It was raining (no surprise) when D#2 led us across Tower Bridge to All Hallows by the Tower, the oldest church in the City of London. All Hallows site has held a religious institution since the 7th century when it held a Saxon monastery. In the intervening times, among other roles in history, the church had been where they took the bodies of those executed on Tower Green. Samuel Pepys had watched the Great Fire of London from its tower in 1666. The church itself had been damaged heavily in the Blitz (actually, this was common in several places we visited) and rebuilt thereafter.
Not only does All Hallows have an American connection, it has a Pennsylvania connection, and even a Philadelphia one! Here is where John Quincy Adams and his wife were married and William Penn was baptized! And Christ Church, Philadelphia is its "sister church."
The church is Church of England, but the service thankfully included a few carols that were familiar to us, Lutherans though we are.
(photo from website)
After the service, more sparsely attended than in the above picture, all who were there -- or who wandered in at any time -- were invited to stay for Christmas Dinner! The more-than-reasonable suggested donation was to go to the food banks for Tower Hamlet, one of the poorer areas of the city. No one was turned away even if they didn't donate, and I suspect many others, like us, gave more.
The verger gave us a brief tour of the Undercroft area. There we saw a section of tesselated Roman flooring from the 2nd century which was found during renovation along with other historical artifacts from the intervening centuries. When we came back to the main floor, we found the area at the side of the sanctuary was set with folding tables. "White or red?" was the question and our first glasses of wine were poured (with many to follow). All the guests claimed seats, we sang grace to the tune of "Frere Jacques", and serving began.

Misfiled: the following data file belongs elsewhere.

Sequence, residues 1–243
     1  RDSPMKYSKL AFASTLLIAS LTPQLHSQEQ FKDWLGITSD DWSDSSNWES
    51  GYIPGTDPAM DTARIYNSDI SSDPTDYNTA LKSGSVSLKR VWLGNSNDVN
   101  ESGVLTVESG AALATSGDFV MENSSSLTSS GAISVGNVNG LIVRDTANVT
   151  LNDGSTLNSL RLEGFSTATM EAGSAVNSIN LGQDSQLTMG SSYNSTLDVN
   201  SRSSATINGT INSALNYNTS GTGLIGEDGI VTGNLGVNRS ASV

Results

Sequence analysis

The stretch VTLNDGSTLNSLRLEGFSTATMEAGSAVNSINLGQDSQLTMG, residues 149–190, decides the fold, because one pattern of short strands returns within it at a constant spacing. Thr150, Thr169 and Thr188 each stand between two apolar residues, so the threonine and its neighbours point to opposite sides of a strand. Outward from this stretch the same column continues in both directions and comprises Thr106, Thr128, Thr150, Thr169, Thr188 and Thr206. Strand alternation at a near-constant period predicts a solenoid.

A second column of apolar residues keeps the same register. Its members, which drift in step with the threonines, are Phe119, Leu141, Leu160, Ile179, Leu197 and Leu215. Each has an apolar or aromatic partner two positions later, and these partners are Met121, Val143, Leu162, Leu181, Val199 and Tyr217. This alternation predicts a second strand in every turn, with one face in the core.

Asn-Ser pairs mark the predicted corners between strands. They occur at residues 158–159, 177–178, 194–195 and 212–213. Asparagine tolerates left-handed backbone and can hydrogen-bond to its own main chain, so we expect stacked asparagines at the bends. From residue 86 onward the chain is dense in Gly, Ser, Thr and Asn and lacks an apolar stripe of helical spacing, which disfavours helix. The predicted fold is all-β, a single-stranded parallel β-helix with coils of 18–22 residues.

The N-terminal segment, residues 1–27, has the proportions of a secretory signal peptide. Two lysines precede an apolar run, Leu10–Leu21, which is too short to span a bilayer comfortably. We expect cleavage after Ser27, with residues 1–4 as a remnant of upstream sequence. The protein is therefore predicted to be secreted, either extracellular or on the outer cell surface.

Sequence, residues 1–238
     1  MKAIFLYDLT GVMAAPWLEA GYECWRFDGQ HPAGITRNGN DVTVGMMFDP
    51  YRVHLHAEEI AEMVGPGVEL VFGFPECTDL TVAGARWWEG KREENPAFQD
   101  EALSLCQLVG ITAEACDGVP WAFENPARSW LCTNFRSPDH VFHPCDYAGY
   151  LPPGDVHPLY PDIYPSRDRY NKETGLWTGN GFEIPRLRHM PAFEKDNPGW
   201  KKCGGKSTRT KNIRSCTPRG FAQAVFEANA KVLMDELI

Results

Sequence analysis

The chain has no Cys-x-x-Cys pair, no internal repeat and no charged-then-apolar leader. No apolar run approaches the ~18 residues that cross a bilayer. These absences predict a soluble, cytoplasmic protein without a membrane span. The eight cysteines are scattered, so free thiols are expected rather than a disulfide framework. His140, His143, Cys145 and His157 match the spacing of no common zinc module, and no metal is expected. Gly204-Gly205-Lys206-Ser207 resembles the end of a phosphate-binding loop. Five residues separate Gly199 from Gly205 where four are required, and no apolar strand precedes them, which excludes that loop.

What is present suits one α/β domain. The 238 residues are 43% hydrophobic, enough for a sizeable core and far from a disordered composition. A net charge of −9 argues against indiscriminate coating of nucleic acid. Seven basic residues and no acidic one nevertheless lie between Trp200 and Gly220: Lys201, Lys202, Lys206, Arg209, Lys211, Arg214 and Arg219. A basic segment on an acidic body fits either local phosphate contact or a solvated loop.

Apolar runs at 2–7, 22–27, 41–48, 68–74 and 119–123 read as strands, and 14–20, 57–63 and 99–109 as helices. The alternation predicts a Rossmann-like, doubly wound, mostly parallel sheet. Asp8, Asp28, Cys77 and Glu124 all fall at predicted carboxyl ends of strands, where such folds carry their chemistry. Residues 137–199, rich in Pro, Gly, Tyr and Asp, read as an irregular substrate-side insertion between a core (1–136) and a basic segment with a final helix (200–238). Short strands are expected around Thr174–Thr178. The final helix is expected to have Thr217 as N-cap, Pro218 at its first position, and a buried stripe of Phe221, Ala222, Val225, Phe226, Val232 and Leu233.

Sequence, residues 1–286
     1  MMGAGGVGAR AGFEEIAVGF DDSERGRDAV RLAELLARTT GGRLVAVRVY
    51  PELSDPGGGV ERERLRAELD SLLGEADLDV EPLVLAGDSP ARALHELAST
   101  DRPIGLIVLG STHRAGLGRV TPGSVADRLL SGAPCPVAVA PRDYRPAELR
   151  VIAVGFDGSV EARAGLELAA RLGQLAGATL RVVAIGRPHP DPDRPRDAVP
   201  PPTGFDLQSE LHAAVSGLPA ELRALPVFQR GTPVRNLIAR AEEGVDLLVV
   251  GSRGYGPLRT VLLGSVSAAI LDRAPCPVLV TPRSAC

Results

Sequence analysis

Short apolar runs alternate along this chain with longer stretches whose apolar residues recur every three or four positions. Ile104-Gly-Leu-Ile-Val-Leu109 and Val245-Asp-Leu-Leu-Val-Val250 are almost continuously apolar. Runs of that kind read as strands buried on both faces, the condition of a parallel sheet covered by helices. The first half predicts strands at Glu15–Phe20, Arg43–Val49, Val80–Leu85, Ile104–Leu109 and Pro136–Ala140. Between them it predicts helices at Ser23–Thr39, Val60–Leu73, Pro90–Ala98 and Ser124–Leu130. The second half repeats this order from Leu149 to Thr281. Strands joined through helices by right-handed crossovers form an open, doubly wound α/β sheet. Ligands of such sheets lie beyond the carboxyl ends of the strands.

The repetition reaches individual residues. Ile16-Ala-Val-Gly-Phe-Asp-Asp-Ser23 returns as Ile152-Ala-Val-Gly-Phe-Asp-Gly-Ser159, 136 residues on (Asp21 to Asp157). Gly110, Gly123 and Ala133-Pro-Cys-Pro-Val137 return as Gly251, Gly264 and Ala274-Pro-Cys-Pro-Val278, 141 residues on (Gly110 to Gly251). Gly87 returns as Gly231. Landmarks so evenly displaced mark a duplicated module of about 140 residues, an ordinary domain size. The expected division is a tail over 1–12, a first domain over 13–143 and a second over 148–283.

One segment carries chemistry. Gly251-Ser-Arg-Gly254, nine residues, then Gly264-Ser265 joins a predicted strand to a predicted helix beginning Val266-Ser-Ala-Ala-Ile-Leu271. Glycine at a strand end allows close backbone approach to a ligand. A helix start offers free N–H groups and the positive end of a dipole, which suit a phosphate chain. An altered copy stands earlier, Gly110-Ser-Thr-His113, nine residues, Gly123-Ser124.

At each place was a Christmas cracker, quite the novelty for us Yanks. But we pulled them, found our toy and donned our paper hats! Salad, rolls, turkey, gravy, potatoes, parsnips, and much more that I can't remember! Oh yes, and more wine...
My best guess is that there were 50 people at dinner. With guests from Canada, Germany, Italy, France, Croatia, Netherlands, mainland China, Hong Kong, Japan, Australia, and the U.S. (and maybe I missed someplace), it was like having lunch with the United Nations! We chattered about why we were in London, for how long, etc., as well as about what a typical Christmas dinner would be at our homes, and what our other holiday customs were.
As we had our dessert (Christmas pudding, of course), the verger took our his guitar and led us in singing a variety of Christmas songs. It was mid-afternoon before we helped to clear the tables, fold and put away the tables and chairs.
By the time we began our walk back to the hotel, the rain had stopped and it was almost dusk. At dinner, the Vicar had asked me what the highlight had been for me during this trip. I described him how much I loved visiting the Tower of London and soaking up the history there. But, in fact, I told him, Christmas Day dinner at All Hallows had been more memorable and meaningful than anything else I had experienced (or hoped to experience) during this trip. What a truly wonderful and unique event!
We owe our thanks to the chaplain at Queen Mary University, Jenny, who had informed D#2 about this welcoming place and their annual meal! I must remind D#2 to email her with our deepest gratitude.